Swiss voters this week (November 27) approved a five-year agricultural ban on genetically modified organisms (GMOs). Switzerland is not a member of the EU, and the new law will have no effect on GMO research, which remains legal in Switzerland. Nevertheless, the referendum has been closely watched by plant scientists throughout Europe, some of whom made dire predictions about what the result could mean for plant research.
The vote sends an anti-GMO signal that could influence discussion throughout Europe, Mark Stitt, managing director of the Max Planck Institute of Molecular Plant Physiology in Golm, Germany, told
The Swiss ban was approved by 55.6% of voters despite strong objections from the Swiss government, industry, and scientific community. The new law forces the Swiss government to declare a full moratorium on cultivation of GM crops and the import of animals whose genes have been modified in the laboratory. Import of GM food will still be allowed.
Antonia Mochan, spokesperson for the European Commission for science and research, declined to comment directly on the Swiss vote. However, she told
Guy Wolff, spokesperson for the Swiss agribusiness giant Syngenta, admitted that Sunday's vote, which he described as "irrational," was a disappointment. "We see this as a kick in the face for research in Switzerland," he said.
The European Union has left the contentious issue of genetic modification up to member states, who retain national authority to regulate GM crops. Last year, the EU executive body the European Commission lifted a six-year moratorium on the sale of GM foods. Meanwhile, Germany passed stricter GMO laws, even though the country had only a few small GM test fields under cultivation during the past two growing seasons. The only EU nation with sizable GM fields is Spain, although the UK and the Netherlands governments also support GM crops.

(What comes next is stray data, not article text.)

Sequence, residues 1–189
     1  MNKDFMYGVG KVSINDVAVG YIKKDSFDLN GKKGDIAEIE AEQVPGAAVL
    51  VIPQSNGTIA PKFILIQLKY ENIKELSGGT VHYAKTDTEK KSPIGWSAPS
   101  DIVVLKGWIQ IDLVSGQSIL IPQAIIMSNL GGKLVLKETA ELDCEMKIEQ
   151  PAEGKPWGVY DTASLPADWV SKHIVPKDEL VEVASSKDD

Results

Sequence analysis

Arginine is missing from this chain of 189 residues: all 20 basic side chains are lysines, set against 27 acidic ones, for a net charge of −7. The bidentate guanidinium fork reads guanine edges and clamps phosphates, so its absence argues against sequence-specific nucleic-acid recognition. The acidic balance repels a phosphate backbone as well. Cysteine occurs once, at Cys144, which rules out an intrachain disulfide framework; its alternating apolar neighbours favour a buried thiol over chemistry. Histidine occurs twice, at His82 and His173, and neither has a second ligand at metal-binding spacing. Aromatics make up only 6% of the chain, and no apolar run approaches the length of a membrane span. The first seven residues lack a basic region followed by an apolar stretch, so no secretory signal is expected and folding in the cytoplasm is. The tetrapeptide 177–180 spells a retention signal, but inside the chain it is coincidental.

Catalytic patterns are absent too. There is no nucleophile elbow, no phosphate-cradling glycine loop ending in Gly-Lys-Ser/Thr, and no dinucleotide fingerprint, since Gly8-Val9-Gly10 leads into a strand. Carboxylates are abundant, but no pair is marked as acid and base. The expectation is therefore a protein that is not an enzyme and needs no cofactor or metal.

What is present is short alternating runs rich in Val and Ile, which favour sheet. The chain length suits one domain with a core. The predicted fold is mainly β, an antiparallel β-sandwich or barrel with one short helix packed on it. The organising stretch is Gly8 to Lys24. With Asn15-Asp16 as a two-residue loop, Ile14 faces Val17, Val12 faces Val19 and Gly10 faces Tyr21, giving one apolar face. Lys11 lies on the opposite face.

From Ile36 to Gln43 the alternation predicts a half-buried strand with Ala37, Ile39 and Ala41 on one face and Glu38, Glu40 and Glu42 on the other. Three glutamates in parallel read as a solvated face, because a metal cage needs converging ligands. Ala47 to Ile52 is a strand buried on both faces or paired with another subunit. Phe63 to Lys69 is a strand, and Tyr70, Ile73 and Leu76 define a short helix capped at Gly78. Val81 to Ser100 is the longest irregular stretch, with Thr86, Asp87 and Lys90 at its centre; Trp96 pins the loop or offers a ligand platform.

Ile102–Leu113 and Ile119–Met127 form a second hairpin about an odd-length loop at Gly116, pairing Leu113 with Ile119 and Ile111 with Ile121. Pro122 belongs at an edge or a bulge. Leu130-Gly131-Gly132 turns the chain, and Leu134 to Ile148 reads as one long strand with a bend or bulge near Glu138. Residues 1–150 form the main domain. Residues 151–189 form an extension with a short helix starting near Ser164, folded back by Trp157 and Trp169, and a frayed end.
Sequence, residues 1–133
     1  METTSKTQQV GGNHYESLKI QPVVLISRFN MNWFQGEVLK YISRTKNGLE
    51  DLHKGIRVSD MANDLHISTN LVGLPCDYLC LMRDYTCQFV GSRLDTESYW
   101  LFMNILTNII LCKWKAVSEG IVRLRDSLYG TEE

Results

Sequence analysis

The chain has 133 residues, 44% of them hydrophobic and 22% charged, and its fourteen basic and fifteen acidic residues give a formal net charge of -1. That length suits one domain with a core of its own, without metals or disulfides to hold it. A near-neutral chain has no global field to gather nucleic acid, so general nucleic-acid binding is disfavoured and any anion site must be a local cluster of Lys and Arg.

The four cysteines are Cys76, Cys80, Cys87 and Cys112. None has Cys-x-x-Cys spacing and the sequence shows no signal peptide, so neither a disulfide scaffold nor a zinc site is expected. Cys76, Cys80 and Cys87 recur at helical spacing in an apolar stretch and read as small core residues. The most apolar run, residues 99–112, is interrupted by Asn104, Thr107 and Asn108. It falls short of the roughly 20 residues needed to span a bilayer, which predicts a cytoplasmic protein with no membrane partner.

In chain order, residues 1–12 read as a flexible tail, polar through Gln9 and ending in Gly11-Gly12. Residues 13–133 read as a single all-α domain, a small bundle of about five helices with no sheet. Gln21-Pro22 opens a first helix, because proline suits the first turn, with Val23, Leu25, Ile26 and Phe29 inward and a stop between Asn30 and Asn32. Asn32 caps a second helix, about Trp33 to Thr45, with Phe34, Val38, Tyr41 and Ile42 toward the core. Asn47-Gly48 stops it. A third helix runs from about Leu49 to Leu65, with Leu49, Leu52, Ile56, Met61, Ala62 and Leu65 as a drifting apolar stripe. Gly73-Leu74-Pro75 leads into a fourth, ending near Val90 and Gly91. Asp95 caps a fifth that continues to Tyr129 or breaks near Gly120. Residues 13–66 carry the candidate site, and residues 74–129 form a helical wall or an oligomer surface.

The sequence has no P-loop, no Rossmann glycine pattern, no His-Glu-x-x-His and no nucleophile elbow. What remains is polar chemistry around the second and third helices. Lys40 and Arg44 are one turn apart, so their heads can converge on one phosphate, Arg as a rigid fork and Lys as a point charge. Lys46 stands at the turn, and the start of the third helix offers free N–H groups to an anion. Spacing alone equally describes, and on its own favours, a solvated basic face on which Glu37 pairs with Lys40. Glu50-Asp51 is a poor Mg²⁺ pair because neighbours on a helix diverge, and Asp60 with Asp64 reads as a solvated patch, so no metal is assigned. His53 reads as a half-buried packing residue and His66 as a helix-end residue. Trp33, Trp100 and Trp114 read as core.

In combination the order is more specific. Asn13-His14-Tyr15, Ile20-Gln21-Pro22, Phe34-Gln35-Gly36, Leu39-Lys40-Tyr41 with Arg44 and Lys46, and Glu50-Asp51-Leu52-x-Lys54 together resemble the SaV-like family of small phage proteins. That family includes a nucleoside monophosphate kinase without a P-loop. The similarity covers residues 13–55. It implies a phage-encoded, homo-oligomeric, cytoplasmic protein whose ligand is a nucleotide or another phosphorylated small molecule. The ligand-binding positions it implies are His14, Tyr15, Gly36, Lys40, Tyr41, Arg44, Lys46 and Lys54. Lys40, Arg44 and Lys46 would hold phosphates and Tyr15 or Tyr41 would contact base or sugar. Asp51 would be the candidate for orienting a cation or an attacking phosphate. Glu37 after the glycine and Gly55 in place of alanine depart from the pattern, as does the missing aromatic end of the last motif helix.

Christoph Then, a GMO expert for Greenpeace Germany who monitors GMO issues across Europe, told
Syngenta's Wolf said he did not expect the Swiss ban to translate into a worsening situation in Europe, given that public sentiment concerning GMOs is already generally negative and global agribusiness firms have, in recent years, moved their GMO laboratory research units outside of the EU, usually to the more GMO-friendly U.S. Last year, Syngenta announced it would shift its GM crop research operation in the UK to Research Triangle Park, North Carolina. Syngenta was the last company to have a big GMO research presence in the UK, after earlier cuts in GMO operations by Monsanto, DuPont, and Bayer Cropscience.
Wolff said the 5-year GMO ban in Switzerland will have little effect on Syngenta's bottom line, noting that Switzerland accounts for less than 1% of Syngenta's global sales of GM seeds. GM seeds also account for only a fraction of Syngenta's total sales, he said, which in 2004 reached $7.3 billion.